George Long was born in Poulton, Lancashire on 4 November 1800, the first son of James Long, a merchant, and died in Chichester on 10 August 1879. He arrived at Trinity College, Cambridge as a Sizar and graduated a Craven Scholar in 1822 (MA 1825), a Wrangler who also won the Chancellor's Classical Medal over Macaulay and the classicist Henry Malden. He was voted a Fellowship (1823–7) but after one year he went with his colleague, Thomas Hewett Key, to the new University of Virginia in Charlottesville, charged with bringing modern classical philology to America. He remained for four years (1824–8), developing a friendship with Jefferson and incubating a devotion to the American South. He trained his successor, Gessner Harrison, in the principles of comparative grammar of Franz Bopp. The founding of the University of London (now University College London) brought Long back to England as its first Professor of Greek, joining Key, the Professor of Latin. There he published widely used texts of Herodotus (1829–33) and Xenophon's Anabasis (1831).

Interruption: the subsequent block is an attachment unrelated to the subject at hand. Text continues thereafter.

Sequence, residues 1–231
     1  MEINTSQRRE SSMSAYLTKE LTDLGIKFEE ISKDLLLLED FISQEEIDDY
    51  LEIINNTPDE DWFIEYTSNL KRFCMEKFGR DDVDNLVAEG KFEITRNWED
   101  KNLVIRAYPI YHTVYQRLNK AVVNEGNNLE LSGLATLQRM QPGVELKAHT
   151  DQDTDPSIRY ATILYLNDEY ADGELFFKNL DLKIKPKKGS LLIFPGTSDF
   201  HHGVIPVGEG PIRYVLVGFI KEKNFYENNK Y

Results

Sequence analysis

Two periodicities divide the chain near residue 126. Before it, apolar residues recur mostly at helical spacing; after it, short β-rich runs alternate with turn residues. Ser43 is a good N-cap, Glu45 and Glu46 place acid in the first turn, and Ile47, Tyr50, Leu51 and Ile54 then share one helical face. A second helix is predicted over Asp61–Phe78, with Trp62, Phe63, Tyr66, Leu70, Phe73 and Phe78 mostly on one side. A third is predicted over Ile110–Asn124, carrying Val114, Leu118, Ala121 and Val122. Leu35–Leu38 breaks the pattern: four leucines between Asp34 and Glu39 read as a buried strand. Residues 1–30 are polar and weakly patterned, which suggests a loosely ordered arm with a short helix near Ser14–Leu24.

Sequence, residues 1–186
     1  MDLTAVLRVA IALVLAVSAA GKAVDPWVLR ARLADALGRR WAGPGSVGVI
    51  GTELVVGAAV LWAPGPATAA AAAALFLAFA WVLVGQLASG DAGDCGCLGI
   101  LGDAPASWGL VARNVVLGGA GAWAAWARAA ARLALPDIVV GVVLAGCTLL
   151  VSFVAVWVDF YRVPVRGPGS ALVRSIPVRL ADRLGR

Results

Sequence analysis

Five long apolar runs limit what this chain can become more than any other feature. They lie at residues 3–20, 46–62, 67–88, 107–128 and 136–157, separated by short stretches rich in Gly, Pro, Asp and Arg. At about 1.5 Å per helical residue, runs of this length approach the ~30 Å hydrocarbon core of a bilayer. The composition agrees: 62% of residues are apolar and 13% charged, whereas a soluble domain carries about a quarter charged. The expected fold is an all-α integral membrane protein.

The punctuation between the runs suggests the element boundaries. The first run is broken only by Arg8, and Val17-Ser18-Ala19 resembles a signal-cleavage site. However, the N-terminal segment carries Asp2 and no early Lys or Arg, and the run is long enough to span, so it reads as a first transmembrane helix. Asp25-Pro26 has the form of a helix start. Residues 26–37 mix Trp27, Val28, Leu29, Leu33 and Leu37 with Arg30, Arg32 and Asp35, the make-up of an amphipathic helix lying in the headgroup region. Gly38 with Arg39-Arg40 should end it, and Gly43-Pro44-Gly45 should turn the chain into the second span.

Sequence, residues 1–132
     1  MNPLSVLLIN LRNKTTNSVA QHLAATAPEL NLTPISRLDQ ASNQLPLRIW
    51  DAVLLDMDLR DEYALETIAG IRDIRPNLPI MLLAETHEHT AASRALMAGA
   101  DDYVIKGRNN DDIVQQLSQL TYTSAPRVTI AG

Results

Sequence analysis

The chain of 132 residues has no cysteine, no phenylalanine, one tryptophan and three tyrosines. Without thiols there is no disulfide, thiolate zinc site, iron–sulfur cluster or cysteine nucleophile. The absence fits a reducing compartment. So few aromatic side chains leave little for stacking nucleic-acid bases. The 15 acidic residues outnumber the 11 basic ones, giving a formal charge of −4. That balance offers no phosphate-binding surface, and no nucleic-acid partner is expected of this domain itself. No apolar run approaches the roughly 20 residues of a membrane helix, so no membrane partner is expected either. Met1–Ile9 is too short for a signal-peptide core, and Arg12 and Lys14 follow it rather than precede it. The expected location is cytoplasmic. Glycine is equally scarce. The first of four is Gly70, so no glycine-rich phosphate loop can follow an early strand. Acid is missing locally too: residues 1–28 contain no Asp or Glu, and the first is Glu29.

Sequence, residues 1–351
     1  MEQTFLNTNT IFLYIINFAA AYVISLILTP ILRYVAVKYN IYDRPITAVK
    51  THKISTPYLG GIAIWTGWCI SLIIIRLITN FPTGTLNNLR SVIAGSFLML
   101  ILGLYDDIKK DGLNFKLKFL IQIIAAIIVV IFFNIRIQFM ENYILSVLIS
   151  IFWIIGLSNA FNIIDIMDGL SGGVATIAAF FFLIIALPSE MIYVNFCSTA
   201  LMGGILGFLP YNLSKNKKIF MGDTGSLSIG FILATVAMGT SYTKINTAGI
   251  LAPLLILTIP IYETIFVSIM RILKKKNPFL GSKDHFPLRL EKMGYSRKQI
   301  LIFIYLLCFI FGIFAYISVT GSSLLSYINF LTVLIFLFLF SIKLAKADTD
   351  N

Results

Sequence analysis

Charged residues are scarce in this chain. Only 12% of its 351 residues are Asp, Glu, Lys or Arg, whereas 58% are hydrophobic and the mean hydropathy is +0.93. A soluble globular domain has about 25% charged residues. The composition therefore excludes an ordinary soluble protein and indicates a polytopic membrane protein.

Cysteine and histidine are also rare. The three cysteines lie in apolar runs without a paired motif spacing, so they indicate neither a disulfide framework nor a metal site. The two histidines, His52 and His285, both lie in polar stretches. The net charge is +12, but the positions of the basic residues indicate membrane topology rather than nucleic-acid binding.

From The Continuum Encyclopedia of British Philosophy in Oxford Reference.